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That is despite the Forbury Park club being a most unique track, racing under circumstances unlike those of any other club south of the Waitaki.
A plea was made to Forbury Park members that the current administrative model, consisting of both a board and a committee, must be changed.
The meeting was told the organisation must transform, so that positive change can be realised and the club can run more effectively.
It makes a lot of sense, and I certainly hope this motion can be passed at upcoming special meetings.
I am hopeful that this move could be what turns hope, effort and goodwill into positive results for the club.
The board and committee have not had a lack of people that have been willing to give up their time and energy to push for it to be successful.
Most of those that have moved on, having left frustrated that those efforts have not delivered the results they would have liked.
There has certainly been talk of personality clashes and differences of opinion, and I am sure that has not helped some progress.
However, when you look back at some of the previous individuals involved, you can see many of them are highly successful businesspeople.
I think much of what has stopped Forbury Park progressing is the structure under which it is operating.
The club's own configuration is just one part of that.
All clubs in New Zealand will need to shake up their governance models if they are to survive.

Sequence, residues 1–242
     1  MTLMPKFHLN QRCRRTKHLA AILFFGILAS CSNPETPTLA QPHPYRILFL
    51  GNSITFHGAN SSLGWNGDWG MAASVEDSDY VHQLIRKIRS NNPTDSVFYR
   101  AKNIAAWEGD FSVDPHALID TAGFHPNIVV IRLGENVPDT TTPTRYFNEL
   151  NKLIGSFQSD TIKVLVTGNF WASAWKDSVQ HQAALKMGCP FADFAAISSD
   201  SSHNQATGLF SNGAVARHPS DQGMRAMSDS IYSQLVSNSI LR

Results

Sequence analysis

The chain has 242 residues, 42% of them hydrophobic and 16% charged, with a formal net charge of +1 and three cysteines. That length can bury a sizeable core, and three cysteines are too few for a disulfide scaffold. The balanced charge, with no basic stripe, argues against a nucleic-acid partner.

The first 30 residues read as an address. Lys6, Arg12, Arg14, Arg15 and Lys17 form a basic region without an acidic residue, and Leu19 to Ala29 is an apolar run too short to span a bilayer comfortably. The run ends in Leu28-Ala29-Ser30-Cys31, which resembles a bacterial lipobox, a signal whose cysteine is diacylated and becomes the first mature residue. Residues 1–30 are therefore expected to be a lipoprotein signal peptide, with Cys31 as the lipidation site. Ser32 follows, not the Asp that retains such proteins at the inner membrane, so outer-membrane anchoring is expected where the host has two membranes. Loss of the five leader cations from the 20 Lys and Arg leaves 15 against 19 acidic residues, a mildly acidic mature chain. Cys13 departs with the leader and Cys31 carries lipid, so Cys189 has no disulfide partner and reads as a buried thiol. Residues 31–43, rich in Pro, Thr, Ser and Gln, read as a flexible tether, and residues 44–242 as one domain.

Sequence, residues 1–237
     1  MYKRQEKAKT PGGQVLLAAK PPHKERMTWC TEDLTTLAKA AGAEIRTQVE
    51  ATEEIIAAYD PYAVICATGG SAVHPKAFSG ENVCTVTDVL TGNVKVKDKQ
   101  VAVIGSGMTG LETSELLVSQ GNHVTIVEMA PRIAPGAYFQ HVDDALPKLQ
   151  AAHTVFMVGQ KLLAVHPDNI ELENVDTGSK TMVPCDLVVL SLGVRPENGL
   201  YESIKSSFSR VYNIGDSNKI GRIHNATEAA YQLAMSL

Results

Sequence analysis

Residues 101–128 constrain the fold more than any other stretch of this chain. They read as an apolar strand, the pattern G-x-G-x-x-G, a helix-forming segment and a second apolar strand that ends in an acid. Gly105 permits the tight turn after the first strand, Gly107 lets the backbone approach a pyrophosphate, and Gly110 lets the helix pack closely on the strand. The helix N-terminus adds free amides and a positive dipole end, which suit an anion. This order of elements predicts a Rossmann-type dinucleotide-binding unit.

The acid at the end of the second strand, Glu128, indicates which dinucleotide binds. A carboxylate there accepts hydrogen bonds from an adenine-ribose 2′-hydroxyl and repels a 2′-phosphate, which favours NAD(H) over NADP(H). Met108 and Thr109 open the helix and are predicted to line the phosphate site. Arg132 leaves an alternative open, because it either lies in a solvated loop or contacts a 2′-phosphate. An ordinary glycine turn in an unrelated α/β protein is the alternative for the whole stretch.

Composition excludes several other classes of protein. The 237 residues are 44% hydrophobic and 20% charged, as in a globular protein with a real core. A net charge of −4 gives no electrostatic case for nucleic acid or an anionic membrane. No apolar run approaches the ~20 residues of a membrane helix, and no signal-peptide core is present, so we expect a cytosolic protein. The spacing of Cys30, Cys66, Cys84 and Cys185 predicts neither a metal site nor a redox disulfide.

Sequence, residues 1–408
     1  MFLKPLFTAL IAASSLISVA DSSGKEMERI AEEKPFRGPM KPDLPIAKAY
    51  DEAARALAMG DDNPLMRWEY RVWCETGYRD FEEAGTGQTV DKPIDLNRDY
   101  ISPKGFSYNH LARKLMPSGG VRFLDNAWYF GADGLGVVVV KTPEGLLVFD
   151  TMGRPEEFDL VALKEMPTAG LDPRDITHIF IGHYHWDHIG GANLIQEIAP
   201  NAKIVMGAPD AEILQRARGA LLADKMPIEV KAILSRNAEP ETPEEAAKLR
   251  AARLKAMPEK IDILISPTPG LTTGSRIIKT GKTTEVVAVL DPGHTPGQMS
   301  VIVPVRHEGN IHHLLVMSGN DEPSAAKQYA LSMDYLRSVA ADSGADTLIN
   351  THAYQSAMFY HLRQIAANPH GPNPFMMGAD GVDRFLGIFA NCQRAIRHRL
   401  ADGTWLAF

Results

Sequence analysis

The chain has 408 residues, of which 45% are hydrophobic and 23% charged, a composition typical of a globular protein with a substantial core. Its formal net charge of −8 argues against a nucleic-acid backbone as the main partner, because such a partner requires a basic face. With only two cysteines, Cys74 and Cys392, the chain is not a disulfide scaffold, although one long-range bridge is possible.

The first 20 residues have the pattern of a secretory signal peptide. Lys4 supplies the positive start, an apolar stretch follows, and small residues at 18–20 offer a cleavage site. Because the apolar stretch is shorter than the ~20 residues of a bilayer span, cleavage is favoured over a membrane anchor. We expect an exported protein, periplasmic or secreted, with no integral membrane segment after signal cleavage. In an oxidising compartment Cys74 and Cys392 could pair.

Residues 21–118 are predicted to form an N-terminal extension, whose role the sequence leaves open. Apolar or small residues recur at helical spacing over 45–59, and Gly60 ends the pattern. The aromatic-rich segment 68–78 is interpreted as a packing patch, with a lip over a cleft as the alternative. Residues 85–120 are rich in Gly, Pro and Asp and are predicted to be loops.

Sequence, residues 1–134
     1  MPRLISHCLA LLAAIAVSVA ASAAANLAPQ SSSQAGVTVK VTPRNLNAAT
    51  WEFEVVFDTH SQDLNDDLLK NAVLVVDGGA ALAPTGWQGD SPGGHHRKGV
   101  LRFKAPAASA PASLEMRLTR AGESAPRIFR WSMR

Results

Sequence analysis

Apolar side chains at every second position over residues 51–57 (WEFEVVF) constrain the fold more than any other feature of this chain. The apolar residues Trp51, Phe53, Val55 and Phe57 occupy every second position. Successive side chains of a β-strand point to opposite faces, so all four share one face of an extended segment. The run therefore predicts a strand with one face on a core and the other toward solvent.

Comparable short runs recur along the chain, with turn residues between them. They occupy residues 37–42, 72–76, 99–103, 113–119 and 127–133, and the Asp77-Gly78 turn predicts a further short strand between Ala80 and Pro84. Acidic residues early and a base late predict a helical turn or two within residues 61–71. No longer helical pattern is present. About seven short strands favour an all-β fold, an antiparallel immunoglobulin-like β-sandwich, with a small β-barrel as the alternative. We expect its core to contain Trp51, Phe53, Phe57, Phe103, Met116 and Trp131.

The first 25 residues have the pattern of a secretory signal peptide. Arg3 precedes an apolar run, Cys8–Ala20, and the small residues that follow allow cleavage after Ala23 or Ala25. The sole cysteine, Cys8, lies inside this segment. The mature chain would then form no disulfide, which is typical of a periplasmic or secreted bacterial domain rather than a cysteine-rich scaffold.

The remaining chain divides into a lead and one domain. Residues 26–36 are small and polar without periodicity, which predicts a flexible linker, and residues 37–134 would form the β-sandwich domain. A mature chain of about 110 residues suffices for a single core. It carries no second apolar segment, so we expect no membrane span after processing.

Southern clubs have been ahead of most in this area, with the development of Gallop South and Southern Harness, and this has had a positive effect on the Southern industry.
I believe it is the next layer of administration that is holding much progress back: inter-club, code and inter-code administration.
Right now the wider industry is failing to adapt to the changing nature of horse racing, whether it be gallops or trots.
Recent racing in Otago can demonstrate one minor part of this.
In a ten-day period there were three trots meetings in Otago, with Oamaru racing just four days before the Tuapeka Cup meeting.
That is not either of the clubs' fault, as their dates are dictated to them.
Yet they must bear the cost of running these seven, nine and eight-race meetings, while trying to generate betting and other revenue with light race cards.
Clearly this is an issue for the whole harness code - to make better use of the horse population and spread races evenly.
And the issue of race dates is something that needs to be worked out between the codes.
At their level and higher up, progress seems to be something that is simply going to be gifted to them by the Racing Minister and the implementation of the Messara report.
That mentality needs to change, because the Messara report has been around for over a year and not a lot is different at all.
The codes and clubs still need to drive change and improve their models in areas that are not bound to change under legislative movements.
Forbury Park appear to be doing that; let's hope more do.